Intracerebral hemorrhage (ICH) is associated with higher mortality and morbidity than any other form of stroke. However, there currently are no treatments proven to improve outcomes after ICH, and therefore, new effective therapies are urgently needed. Growing insight into ICH pathophysiology has led to the development of neuroprotective strategies that aim to improve the outcome through reduction of secondary pathologic processes. Many neuroprotectants target molecules or pathways involved in hematoma degradation, inflammation or apoptosis, and have demonstrated potential clinical benefits in experimental settings. We extensively reviewed the current understanding of ICH pathophysiology as well as promising experimental neuroprotective agents with particular focus on their mechanisms of action. Continued advances in ICH knowledge, increased understanding of neuroprotective mechanisms, and improvement in the ability to modulate molecular and pathologic events with multitargeting agents will lead to successful clinical trials and bench-to-bedside translation of neuroprotective strategies.
View details for DOI 10.1159/000321870
View details for Web of Science ID 000291816300001
View details for PubMedID 21178344
View details for PubMedCentralID PMC3721946
The sociopolitical history and physiological underpinnings of skull deformation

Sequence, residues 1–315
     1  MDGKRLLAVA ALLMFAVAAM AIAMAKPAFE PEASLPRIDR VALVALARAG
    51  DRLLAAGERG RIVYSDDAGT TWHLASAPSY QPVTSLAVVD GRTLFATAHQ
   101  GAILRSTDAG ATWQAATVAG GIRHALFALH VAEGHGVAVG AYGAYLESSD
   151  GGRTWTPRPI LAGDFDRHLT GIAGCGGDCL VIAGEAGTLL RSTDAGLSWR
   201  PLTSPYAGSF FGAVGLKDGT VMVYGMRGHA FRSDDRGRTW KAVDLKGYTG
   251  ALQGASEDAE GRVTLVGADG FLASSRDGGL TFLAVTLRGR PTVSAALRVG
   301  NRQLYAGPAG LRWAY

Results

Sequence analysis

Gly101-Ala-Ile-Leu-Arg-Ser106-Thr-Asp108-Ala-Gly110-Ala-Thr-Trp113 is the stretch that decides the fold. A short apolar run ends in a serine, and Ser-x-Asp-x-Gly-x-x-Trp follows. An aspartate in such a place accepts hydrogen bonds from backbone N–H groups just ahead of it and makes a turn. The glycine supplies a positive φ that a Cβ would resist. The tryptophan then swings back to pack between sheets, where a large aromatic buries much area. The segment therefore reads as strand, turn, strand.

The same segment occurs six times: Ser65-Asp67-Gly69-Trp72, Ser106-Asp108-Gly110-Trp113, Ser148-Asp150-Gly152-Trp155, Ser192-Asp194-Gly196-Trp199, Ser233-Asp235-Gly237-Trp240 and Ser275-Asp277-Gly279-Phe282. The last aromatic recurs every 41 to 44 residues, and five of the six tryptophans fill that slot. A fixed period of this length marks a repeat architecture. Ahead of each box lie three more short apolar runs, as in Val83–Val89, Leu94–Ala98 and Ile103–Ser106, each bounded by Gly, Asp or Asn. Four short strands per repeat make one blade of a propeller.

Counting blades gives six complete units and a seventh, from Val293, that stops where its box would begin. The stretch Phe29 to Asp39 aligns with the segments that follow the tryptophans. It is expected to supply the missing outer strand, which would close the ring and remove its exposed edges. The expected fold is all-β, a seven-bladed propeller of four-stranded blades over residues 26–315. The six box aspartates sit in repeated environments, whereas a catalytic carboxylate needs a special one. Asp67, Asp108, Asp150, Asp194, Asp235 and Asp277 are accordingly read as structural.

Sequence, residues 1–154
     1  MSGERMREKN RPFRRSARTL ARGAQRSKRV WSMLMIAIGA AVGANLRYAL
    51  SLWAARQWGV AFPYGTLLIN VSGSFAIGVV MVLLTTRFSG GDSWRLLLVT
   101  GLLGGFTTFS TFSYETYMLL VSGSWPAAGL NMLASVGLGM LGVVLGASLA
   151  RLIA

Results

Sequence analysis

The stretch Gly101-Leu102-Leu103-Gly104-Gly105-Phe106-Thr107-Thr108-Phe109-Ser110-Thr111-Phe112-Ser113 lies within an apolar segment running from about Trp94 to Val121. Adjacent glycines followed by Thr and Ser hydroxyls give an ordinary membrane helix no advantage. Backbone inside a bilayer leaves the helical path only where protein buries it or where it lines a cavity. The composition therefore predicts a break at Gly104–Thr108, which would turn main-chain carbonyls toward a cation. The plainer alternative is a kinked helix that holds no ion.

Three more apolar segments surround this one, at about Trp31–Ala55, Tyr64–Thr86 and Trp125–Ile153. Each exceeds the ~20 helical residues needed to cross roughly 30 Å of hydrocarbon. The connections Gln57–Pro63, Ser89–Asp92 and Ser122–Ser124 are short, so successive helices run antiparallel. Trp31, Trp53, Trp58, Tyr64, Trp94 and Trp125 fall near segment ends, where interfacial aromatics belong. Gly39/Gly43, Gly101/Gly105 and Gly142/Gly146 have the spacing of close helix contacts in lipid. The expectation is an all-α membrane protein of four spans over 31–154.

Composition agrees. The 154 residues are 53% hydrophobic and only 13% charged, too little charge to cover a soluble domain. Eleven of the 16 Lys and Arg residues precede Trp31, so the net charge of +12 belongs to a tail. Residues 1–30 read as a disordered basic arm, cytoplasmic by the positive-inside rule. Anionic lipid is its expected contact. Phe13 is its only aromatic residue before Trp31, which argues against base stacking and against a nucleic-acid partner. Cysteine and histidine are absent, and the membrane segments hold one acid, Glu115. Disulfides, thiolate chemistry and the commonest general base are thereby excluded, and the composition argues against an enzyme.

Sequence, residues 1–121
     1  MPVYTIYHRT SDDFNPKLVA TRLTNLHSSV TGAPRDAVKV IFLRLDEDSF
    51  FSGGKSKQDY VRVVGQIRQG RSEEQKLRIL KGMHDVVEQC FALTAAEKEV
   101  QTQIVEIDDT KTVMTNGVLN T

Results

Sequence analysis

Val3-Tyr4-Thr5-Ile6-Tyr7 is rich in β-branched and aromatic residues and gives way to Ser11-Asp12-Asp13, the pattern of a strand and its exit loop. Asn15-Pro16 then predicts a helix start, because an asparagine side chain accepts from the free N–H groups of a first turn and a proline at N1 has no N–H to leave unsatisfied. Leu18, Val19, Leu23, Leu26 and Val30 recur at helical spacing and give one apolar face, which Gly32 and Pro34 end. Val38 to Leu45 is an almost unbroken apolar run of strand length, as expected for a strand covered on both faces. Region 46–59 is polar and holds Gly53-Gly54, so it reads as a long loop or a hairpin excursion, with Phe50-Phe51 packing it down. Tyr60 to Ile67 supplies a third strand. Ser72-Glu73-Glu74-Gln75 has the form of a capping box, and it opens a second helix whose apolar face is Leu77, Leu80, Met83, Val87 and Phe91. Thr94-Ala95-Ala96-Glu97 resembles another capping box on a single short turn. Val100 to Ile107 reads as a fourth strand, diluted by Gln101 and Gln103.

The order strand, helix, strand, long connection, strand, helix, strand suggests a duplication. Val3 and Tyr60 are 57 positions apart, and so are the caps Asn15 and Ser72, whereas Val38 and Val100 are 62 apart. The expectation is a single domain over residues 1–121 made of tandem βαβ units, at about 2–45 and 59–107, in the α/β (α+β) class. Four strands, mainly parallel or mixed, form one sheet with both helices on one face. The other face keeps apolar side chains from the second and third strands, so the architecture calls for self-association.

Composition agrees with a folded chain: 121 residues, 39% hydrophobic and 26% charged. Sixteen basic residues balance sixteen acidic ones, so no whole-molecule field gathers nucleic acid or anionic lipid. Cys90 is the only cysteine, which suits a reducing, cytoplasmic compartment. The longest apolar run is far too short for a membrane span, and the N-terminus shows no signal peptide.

2010; 29 (6)
In this report, the evidence, mechanisms, and rationale for the practice of artificial cranial deformation (ACD) in ancient Peru and during Akhenaten's reign in the 18th dynasty in Egypt (1375-1358 BCE) are reviewed. The authors argue that insufficient attention has been given to the sociopolitical implications of the practice in both regions. While evidence from ancient Peru is widespread and complex, there are comparatively fewer examples of deformed crania from the period of Akhenaten's rule. Nevertheless, Akhenaten's own deformity, the skull of the so-called "Younger Lady" mummy, and Tutankhamen's skull all evince some degree of plagiocephaly, suggesting the need for further research using evidence from depictions of the royal family in reliefs and busts. Following the anthropological review, a neurosurgical focus is directed to instances of plagiocephaly in modern medicine, with special attention to the conditions' etiology, consequences, and treatment. Novel clinical studies on varying modes of treatment will also be studied, together forming a comprehensive review of ACD, both in the past and present.
View details for DOI 10.3171/2010.9.FOCUS10202
View details for Web of Science ID 000285648900002
View details for PubMedID 21121715